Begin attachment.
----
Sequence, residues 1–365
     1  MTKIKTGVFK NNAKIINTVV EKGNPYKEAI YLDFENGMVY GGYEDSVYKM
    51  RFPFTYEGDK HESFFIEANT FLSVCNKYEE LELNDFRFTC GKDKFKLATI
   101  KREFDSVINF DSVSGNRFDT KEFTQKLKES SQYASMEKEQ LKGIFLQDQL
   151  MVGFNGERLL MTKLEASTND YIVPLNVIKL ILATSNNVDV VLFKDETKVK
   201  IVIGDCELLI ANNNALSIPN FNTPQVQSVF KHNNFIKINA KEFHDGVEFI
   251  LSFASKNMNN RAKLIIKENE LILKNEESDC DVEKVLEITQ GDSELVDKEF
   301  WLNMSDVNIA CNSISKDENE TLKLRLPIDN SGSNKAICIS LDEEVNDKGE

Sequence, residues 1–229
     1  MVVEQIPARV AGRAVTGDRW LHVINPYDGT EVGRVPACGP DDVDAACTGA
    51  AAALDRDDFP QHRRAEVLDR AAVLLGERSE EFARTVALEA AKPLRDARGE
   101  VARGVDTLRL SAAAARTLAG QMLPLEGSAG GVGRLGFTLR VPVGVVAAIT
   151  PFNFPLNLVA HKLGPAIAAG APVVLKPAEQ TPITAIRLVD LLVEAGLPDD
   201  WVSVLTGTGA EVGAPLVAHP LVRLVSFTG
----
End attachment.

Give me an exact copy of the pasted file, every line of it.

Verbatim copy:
Sequence, residues 1–365
     1  MTKIKTGVFK NNAKIINTVV EKGNPYKEAI YLDFENGMVY GGYEDSVYKM
    51  RFPFTYEGDK HESFFIEANT FLSVCNKYEE LELNDFRFTC GKDKFKLATI
   101  KREFDSVINF DSVSGNRFDT KEFTQKLKES SQYASMEKEQ LKGIFLQDQL
   151  MVGFNGERLL MTKLEASTND YIVPLNVIKL ILATSNNVDV VLFKDETKVK
   201  IVIGDCELLI ANNNALSIPN FNTPQVQSVF KHNNFIKINA KEFHDGVEFI
   251  LSFASKNMNN RAKLIIKENE LILKNEESDC DVEKVLEITQ GDSELVDKEF
   301  WLNMSDVNIA CNSISKDENE TLKLRLPIDN SGSNKAICIS LDEEVNDKGE

Sequence, residues 1–229
     1  MVVEQIPARV AGRAVTGDRW LHVINPYDGT EVGRVPACGP DDVDAACTGA
    51  AAALDRDDFP QHRRAEVLDR AAVLLGERSE EFARTVALEA AKPLRDARGE
   101  VARGVDTLRL SAAAARTLAG QMLPLEGSAG GVGRLGFTLR VPVGVVAAIT
   151  PFNFPLNLVA HKLGPAIAAG APVVLKPAEQ TPITAIRLVD LLVEAGLPDD
   201  WVSVLTGTGA EVGAPLVAHP LVRLVSFTG